Like the rest of us in the country and around the world, the daughter of late Senator John McCain and a member of a military family, TV personality Meghan McCain was transfixed by the scenes of horror and chaos that unfolded out of the U.S. Capitol on Jan. 6. On the day of the riot, McCain took to social media sounding alarmed and angry, tweeting, “This one one of America’s darkest days in our entire history.”
Her rage was on full display when she went on The View the day after the event, when she called out the rioters. “When I was watching the footage, these bastards are using the American flag as symbols as they are attacking our own republic — the same flag that our veterans at Iwo Jima held after World War II,” she said (via People).
“You are not patriots,” she continued. “You do not represent America. You are scum of the earth who are using and abusing and bastardizing all that I love and have grown up with for your own sick agenda. And that agenda has been directly — directly — sent by President Trump. And then he didn’t disavow it. He didn’t send in the National Guard. And then he called them ‘special’ and said, ‘we loved them.’ Ivanka Trump called these people ‘patriots.’ I am a patriot, I come from a patriotic family. I come from a family of service as does everyone on this show.”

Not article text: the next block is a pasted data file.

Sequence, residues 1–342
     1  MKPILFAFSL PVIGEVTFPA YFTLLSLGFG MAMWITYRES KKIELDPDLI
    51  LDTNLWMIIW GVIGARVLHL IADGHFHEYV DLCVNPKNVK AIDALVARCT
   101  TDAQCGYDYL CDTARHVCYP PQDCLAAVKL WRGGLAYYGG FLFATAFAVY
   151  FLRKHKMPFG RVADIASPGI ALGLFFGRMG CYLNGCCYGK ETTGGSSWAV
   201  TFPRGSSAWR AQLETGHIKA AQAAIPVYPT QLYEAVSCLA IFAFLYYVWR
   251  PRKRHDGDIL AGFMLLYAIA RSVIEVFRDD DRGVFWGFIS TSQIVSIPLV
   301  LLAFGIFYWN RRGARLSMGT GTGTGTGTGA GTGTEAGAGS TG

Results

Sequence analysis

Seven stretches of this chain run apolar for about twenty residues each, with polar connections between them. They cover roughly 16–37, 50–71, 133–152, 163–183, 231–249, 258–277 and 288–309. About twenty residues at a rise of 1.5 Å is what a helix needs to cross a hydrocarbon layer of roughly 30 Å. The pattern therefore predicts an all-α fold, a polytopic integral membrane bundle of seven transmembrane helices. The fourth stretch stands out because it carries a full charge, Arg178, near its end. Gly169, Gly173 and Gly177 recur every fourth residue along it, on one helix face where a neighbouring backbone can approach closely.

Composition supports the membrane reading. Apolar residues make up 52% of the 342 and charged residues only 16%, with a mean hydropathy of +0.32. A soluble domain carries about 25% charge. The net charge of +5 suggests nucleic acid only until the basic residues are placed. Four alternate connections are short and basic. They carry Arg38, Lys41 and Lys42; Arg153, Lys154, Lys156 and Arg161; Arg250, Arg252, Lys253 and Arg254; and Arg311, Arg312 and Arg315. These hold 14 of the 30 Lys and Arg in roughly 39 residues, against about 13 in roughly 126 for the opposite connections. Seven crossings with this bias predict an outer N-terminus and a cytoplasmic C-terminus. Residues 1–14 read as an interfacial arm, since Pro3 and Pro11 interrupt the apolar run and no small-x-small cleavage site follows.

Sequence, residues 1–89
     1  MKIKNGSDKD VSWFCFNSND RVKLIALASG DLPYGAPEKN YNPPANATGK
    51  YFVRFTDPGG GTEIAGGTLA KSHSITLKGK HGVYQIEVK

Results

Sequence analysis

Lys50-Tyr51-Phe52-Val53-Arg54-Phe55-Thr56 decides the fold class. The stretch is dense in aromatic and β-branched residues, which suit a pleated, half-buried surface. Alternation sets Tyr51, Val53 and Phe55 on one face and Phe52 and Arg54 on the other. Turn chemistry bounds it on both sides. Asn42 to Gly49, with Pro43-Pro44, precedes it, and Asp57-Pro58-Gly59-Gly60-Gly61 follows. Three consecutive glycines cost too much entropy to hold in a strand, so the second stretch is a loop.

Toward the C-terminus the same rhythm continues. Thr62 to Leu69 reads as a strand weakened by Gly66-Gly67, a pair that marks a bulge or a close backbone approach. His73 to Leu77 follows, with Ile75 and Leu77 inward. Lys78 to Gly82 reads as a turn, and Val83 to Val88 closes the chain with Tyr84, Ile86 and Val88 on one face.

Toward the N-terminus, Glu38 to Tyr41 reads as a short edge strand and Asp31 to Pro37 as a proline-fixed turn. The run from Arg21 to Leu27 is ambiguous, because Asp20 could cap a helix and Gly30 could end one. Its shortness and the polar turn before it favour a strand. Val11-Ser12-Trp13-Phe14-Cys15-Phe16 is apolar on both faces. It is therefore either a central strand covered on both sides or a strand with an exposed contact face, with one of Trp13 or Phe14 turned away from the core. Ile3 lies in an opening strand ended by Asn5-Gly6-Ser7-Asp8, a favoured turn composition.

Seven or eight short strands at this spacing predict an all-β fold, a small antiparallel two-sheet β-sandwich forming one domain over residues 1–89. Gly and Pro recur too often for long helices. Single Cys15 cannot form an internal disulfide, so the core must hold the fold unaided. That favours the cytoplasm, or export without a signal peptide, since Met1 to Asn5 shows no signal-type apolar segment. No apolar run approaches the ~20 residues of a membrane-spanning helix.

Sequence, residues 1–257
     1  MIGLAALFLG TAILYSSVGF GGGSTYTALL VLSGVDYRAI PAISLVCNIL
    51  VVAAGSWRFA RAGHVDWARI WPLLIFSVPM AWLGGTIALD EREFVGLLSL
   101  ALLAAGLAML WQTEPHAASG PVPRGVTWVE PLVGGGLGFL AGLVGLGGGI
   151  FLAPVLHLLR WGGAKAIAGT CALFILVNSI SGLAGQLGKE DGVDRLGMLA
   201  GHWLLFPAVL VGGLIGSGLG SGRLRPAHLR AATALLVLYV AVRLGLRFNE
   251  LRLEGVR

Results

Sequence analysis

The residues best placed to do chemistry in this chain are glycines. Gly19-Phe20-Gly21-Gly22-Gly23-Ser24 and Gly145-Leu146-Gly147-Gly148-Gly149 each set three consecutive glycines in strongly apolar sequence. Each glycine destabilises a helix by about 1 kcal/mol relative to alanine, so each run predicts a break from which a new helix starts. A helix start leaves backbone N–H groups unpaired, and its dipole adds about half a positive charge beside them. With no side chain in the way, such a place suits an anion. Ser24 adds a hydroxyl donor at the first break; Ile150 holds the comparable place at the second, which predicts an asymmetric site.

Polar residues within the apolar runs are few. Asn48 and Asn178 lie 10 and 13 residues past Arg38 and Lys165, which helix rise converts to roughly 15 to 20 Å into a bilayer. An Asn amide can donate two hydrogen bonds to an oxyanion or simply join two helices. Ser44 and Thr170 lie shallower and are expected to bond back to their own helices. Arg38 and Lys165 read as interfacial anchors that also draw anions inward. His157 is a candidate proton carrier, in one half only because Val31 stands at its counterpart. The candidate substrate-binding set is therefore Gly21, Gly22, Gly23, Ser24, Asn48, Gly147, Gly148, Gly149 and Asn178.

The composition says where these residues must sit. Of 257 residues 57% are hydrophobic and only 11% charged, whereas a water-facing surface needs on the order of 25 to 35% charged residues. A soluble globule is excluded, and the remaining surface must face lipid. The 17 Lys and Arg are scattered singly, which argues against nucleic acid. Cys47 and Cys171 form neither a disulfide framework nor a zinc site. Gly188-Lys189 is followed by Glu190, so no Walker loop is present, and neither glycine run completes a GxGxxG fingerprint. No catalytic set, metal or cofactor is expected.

Meghan McCain places blame on Donald Trump for D.C. unrest
McCain also had harsh words for Donald Trump, who has locked horns with her beloved father. “I think this is the time to take a very hard look at where we are as a country and take a very hard look at where we are with President Trump, she said on The View (via Twitter). “The bedrock of our democracy and the bedrock of who we are as Americans is the peaceful transition of power. And he is clearly a president who has turned into a mad king.”
The television host called on Republicans and conservatives to use the 25th Amendment — which was designed to provide a framework that allowed for the president or vice president to be replaced in the event of death, removal, resignation, or incapacitation (via People). She finished her monologue on The View by quoting a historic English statesman. “In the words of Oliver Cromwell: ‘In the name of God, Go.’ Go. We cannot take this anymore.”
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